“It’s a system issue,” says Coyle. “And I can give you a list of things that went wrong: low investment, very centralized government decisions, really inadequate skills, education, constant hacking and policy changing; an economy that is far too focused on financial services and professional services at the expense of manufacturing.”

Blame for Brexit

A suspicion that many point the finger at: Brexit. Soumaya Keynes, Editor at The economistsays Britain’s exit from the EU has undoubtedly had an impact on productivity.

“It created all kinds of uncertainty and stability, and made it harder for companies to plan the kinds of productive investments that would be good for the economy,” says Keynes.

This uncertainty may have depressed business investment by up to 11 percent in 2019. A study by the Bank of England estimates that the Brexit process has reduced the productivity of British companies between 2% and 5%since the 2016 exit vote. performance per hour worked in the UK is around 15% below that in the United States, Germany and France.

However, the effects of Brexit on the British economy are likely to be short-lived. That’s because much of the lost productivity comes from executives spending time planning and preparing, and uncertainty about Brexit should fade over time.

Other potential causes of underproductivity in the UK run deeper. Soumaya Keynes says the lack of investment in business and industry from both government and the private sector is one of the biggest impacts. And not just the kind of investment that buys new equipment that helps people do their jobs better.

“There are intangible investments that aren’t as easy to grasp, like building brands or intellectual property or designing better processes; this other type of investment, which is much more difficult to measure but is very important in a service-based economy like the UK.”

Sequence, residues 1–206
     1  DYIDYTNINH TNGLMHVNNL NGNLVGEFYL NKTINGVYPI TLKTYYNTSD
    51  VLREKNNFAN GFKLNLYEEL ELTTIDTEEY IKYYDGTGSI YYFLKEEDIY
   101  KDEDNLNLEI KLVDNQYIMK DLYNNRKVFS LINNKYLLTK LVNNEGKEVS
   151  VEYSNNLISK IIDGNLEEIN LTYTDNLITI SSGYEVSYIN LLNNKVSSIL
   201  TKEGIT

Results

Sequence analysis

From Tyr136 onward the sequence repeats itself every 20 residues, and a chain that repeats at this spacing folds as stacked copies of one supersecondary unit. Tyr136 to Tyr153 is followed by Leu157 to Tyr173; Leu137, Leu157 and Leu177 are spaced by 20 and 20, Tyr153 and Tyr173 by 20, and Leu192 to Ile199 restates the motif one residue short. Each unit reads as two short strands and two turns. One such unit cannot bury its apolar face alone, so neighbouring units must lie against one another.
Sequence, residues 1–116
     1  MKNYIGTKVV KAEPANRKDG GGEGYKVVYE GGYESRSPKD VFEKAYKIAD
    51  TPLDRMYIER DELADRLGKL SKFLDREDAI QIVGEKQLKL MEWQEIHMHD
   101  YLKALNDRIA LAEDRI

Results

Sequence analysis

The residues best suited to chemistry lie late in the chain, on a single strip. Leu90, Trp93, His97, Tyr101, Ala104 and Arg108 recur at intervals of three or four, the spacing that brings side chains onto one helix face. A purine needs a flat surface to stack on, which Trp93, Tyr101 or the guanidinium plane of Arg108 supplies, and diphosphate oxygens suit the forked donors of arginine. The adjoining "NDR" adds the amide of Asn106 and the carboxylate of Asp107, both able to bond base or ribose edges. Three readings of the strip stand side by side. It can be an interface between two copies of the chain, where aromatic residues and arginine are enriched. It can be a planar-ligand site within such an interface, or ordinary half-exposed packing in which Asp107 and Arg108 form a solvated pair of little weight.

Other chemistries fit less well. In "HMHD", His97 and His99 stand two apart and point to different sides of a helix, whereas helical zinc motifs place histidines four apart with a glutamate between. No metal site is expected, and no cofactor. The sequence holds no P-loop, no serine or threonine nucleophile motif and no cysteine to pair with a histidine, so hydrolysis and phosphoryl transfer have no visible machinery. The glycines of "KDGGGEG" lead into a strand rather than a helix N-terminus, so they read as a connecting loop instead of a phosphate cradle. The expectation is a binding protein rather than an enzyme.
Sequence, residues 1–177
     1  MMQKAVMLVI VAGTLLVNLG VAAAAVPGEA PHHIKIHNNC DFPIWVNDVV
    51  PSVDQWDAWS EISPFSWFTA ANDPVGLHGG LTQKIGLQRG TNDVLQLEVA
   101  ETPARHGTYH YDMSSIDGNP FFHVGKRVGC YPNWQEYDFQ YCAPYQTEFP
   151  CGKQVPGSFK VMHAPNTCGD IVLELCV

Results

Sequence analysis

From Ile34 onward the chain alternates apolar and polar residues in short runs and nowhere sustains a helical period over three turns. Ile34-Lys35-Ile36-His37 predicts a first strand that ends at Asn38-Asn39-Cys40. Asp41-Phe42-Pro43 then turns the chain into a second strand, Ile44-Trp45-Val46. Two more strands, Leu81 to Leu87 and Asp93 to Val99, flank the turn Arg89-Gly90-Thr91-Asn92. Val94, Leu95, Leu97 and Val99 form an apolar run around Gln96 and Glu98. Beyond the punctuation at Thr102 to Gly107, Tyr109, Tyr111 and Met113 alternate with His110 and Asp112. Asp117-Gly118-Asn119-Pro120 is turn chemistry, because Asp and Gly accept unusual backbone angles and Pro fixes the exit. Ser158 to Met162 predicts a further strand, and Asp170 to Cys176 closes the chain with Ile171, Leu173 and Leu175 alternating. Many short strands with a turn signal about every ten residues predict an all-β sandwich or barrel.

According to Keynes, the amount of money the UK government spends on corporate investment is relatively small compared to the private sector, but the government has a crucial role in creating the conditions that encourage private sector corporate spending.

“A necessary condition for healthy investment is certainty and stability, and business expectations that there will be a strong economy and healthy demand,” says Keynes. “It’s really these necessary conditions that haven’t really been met in recent years.”

This lack of investment has left the UK lagging behind its peers. A report from the London School of Economics and the Resolution Foundation Think tank found that business investment in the UK accounted for 10% of gross domestic product in 2019, compared to an average of 13% in the United States, Germany and France. And the British government also spends much less on research and development.

Low investment coupled with an education deficit, skills gap and deep regional inequality are further complicated by a Byzantine planning system it’s so decentered and bureaucratic that it’s really, really difficult to build anything in the UK. Taken together, these impediments present a serious, long-term and systemic impediment to productivity improvements in the UK. And to be fair to Liz Truss, she wanted to address these issues in her mini-budget. The problem, says Keynes, was that it tried to combine reforms aimed at this obstacle with a package of big tax cuts at the same time.

“I think their sequencing was wrong,” says Keynes. “When you take a step back, your main goal was growth, and that’s admirable. Well done Liz Truss, identifying this huge problem and really trying to solve it.”

But Truss was naive, says Keynes. “There are huge stakeholders who want the current planning system to stay the way it is. And with her announcement of many unfunded tax cuts, investors spooked. We have a hostile global economic environment: it was a very risky environment to try.”

Stuck in an unproductive rut

The UK is in a bind because of its low productivity and growth, which has been exacerbated by external problems in the global economy – notably the war in Ukraine. If Britain wants to increase productivity, it needs to boost investment. But in the current economic context of high inflation and fiscal woes – and a bond market that doesn’t allow for much more borrowing – that means cutting domestic spending, which will strain budgets at a particularly difficult time and cause pain for years to come. The LSE Resolution study estimates that increasing business investment funded by domestic resources could generate an additional 8 percentage points of GDP growth over 20 years, but it could take 15 years for household consumption to recover from an initial decline.

Another way is to attract foreign investment, but a big part of that will involve lowering taxes. The death of Liz Truss shows how difficult it is to enforce such a policy when inflation is high and citizens are bracing for a harsh winter.

Poor Lisa. She had dealt a bad hand from the start. Her successor is unlikely to do much better in the shuffle.